The original sombre colour palettes broken up with one or two bright colours to an outfit were not represented. Instead, an effusion of bright contrasting colours. A purple fur collar and muff was matched with a baby blue wool jacket, blue and purple sweater vest, red bow blouse, red trousers and accessorised with a black belt, midnight blue shoes and a burgundy velvet fedora trimmed with violet satin ribbon. Wear that in 1979 and people would assume you were colourblind. Today, it’s high fashion. It wobbled towards bad taste, but in a very good way.
What we conveniently forget is, at the time, the Studio 54 look was a twist on a previous decade – the 1930’s. The fur, the fedoras, the burgundy lips, the lowered hemlines, the sweeping gowns and the pussy bow blouses were all leftovers from another fashion decade.
Perhaps the trend was the echo of excess in a decade that was an economic disaster. Protected inside their bubble, the revellers in Studio 54 were temporarily exempt from the chaos going on outside. In the 1930s the rich left unscathed by the Great Depression continued to live excessively, oblivious to the mass migration and joblessness that stretched around the world. And this decade, with NAMA, bankrupt countries and an ever-shrinking population of young, skilled people… You can see a pattern forming, surely. It’s fashionomics.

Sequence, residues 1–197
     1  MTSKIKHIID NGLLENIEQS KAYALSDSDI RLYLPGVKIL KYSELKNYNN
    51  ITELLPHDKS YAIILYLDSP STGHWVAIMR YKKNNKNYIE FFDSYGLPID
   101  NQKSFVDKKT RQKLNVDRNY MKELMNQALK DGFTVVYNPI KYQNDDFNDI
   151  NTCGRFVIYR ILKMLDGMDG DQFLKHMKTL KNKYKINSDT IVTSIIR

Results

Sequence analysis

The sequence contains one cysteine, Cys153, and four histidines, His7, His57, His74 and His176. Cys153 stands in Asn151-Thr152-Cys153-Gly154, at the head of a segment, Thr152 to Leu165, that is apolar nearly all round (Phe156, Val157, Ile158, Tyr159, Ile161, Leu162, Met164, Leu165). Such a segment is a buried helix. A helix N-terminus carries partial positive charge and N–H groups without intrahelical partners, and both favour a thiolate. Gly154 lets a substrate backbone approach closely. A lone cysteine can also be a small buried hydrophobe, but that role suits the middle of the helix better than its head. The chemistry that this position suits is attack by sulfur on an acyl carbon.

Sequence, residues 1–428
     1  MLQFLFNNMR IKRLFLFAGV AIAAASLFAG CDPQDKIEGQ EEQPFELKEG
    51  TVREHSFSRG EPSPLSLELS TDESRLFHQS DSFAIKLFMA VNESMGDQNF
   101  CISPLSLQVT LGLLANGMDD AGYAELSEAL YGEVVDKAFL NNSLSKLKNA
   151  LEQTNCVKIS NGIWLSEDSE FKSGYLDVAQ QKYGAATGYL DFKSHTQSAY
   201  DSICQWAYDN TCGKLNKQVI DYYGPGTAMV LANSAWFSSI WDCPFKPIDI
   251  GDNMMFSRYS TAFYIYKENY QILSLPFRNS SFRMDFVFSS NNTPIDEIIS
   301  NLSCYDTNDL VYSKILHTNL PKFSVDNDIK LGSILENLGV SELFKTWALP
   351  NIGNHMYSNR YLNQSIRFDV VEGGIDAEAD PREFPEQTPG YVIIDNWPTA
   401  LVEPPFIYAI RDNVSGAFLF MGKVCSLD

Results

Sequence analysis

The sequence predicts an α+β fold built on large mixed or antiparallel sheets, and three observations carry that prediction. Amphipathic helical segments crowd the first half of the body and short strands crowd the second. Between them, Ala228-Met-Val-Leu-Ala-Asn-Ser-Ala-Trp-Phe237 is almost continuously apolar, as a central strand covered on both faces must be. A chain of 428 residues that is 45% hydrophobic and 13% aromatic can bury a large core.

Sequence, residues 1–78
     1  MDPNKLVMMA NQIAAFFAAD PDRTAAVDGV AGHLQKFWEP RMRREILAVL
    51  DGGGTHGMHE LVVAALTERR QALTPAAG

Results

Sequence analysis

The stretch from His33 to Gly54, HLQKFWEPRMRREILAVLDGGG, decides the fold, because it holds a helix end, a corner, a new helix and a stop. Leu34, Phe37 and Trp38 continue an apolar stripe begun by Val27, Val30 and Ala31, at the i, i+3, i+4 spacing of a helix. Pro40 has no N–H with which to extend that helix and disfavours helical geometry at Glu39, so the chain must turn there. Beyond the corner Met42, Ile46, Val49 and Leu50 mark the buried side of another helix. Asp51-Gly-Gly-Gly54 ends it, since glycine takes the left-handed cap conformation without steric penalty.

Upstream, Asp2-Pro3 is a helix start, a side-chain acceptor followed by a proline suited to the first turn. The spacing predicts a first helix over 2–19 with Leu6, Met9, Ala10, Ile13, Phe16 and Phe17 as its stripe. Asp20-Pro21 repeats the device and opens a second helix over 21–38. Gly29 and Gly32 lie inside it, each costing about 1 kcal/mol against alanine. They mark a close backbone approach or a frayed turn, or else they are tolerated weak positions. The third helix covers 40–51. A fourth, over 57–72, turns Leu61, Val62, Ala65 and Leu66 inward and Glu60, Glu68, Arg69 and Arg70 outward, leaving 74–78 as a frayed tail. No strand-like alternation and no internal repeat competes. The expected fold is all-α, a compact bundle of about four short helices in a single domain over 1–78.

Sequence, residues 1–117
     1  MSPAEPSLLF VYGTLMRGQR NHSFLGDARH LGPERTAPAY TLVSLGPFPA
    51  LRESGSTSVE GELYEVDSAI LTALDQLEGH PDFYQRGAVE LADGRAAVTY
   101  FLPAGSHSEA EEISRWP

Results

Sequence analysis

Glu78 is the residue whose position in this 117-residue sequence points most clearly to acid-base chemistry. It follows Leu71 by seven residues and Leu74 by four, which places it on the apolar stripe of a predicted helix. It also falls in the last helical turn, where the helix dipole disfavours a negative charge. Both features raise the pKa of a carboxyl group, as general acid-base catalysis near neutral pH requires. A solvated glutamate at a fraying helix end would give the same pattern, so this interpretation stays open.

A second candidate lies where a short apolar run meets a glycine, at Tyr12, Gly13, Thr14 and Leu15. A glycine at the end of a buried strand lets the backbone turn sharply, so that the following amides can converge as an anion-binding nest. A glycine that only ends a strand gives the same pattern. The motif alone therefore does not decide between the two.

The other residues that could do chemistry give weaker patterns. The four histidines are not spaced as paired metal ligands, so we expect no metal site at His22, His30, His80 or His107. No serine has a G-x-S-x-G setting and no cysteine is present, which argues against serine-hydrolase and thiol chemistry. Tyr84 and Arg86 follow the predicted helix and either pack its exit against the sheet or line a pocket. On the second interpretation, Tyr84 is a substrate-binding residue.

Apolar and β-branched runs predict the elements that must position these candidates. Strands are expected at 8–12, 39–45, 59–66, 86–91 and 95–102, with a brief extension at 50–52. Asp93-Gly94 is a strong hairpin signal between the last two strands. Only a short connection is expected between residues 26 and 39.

I’ve never been a big fan of Meadham Kirchoff. There. I said it.
That is, until I read the relavatory and surprising interview given by Edward Meadham and Benjamin Kirchoff in the most recent LOVE magazine. Their work consumes them, a sliver of self-referential sadness, obsession and neurosis runs through their work, often projected through a decidedly Nineties lens. Their solitary lives mean that their collections are often genre-defying flights of pure self-expression. Oh, and they’re hardcore feminists. Read the interview if you can. It’s well worth the twenty minutes or so to pore over it.